Maybe simply differing from the Protestant majority that defined white America at the time. Jews, Hispanics, African-Americans, Muslim Americans and other immigrants from the developing world have suffered similar indignities and threats. In few cases, the fears of mainstream Americans reflect real and understandable security concerns, especially in the aftermath of the attacks of 9/11 and in Paris, Egypt, Beirut and San Bernardino, California, linked to the Islamic State in Iraq and the Levant (ISIL). Yet Americans do not respond to domestic terrorism by white men in a manner similar to the anti-Muslim backlash we see today.

The Trump phenomenon and some similar right-wing Republican demagoguery combine those reservoirs of fear, arrogance, ignorance and militarism with counterterrorism, politics and technology. The media, their poll-obsessed coverage of the 2016 presidential race and the deployment of social media for electoral campaigns converge to encourage candidates to exploit anti-immigrant and anti-Muslim fears to win votes.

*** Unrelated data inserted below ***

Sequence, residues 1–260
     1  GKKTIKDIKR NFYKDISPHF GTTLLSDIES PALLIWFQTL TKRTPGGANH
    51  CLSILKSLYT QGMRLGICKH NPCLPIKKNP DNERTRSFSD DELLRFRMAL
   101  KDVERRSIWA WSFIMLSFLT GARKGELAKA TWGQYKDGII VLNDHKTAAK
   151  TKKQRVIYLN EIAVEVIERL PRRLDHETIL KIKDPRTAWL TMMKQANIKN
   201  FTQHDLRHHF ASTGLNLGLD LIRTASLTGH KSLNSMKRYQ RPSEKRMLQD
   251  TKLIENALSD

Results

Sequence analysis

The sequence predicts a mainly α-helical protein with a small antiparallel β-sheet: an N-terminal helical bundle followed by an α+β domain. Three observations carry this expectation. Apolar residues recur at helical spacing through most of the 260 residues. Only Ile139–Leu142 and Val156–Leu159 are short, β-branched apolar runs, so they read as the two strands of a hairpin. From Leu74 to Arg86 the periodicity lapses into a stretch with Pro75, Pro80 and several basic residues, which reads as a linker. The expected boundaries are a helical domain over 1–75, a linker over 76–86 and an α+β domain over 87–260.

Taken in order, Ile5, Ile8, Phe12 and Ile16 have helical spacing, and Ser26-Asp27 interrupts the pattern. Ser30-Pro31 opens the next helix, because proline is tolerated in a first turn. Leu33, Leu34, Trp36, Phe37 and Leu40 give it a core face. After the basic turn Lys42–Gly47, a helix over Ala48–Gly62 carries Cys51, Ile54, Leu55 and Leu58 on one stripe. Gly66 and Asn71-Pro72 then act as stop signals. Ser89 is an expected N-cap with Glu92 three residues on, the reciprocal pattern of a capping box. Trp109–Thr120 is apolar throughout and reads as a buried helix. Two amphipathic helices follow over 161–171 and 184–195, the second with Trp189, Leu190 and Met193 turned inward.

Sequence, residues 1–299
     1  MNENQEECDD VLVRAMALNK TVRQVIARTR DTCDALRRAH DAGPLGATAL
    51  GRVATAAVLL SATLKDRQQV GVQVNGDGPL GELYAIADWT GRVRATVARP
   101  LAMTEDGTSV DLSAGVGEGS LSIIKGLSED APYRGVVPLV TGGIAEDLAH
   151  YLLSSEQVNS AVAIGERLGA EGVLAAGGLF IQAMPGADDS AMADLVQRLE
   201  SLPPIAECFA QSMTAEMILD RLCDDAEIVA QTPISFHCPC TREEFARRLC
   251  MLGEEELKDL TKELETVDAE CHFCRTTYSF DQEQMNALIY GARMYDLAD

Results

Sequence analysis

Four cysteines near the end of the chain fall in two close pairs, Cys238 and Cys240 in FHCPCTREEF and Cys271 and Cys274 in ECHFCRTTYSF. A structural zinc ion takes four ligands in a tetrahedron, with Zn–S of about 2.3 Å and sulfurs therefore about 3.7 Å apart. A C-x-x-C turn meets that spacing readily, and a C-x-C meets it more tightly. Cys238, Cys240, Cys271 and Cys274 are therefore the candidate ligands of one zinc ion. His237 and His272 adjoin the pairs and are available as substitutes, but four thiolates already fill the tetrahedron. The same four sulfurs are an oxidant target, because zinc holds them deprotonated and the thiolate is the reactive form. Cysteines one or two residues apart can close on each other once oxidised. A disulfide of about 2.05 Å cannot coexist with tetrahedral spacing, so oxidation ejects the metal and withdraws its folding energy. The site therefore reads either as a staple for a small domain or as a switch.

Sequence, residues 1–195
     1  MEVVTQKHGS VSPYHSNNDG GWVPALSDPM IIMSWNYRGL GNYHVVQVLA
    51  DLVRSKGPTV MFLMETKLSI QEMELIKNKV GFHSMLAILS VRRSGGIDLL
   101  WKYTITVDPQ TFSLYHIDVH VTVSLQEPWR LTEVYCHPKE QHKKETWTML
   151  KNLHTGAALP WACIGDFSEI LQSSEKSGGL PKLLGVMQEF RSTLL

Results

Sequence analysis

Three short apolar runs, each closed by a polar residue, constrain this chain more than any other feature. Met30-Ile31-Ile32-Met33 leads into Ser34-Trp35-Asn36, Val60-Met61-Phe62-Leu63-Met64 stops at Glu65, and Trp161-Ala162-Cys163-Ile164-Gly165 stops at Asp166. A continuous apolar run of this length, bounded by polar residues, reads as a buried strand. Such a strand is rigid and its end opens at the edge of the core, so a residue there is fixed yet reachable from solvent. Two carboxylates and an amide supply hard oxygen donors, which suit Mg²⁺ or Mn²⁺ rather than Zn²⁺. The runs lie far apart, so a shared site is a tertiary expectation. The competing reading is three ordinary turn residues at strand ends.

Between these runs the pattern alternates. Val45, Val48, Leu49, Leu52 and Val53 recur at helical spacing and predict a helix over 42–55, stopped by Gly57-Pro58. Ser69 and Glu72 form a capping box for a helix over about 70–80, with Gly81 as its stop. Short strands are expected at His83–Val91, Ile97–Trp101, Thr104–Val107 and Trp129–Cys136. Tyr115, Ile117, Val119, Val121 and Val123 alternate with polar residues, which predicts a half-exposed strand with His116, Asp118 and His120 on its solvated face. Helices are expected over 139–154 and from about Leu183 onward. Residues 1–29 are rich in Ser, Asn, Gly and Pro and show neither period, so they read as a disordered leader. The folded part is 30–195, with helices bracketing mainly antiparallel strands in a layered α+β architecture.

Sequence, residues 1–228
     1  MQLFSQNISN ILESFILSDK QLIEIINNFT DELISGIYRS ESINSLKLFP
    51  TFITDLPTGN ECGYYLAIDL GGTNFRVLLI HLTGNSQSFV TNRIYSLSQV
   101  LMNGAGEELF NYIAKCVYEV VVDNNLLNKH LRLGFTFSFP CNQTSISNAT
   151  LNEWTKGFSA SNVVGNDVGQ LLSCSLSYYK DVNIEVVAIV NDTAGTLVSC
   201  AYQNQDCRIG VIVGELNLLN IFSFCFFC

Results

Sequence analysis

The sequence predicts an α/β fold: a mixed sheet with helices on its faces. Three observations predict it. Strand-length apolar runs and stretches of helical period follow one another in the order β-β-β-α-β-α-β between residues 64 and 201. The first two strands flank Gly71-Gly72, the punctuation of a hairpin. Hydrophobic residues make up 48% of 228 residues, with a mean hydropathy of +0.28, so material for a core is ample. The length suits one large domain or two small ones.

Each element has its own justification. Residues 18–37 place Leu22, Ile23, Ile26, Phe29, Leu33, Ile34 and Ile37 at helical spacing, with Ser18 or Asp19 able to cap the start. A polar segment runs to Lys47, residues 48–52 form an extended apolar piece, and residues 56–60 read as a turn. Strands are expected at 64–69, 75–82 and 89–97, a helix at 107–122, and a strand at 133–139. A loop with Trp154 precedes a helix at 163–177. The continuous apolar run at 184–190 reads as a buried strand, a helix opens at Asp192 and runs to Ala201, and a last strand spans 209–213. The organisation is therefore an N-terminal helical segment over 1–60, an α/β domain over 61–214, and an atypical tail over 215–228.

Democratic elections are one of the strengths of the United States but also can be part of its ethical cesspit. For example, recent polls show that a majority of Americans believe Islam is incompatible with democracy. Yet hundreds of millions of Muslims around the world — from Turkey to Indonesia, India, Canada, Malaysia and Pakistan, much of Western Europe and even the United States — enjoy vibrant citizenship in democracies.

Americans are understandably puzzled, angered and frightened by the ISIL phenomenon and clearly do not know how to respond to it. More troubling, American bafflement over ISIL’s aims and how to defeat it emerged after nearly two decades of active but inconclusive warfare against Al-Qaeda. In reality, however, the U.S.-led global war on terrorism allowed Al-Qaeda to spawn ISIL, with the 2003 U.S.-led invasion of Iraq creating propitious conditions for its rise.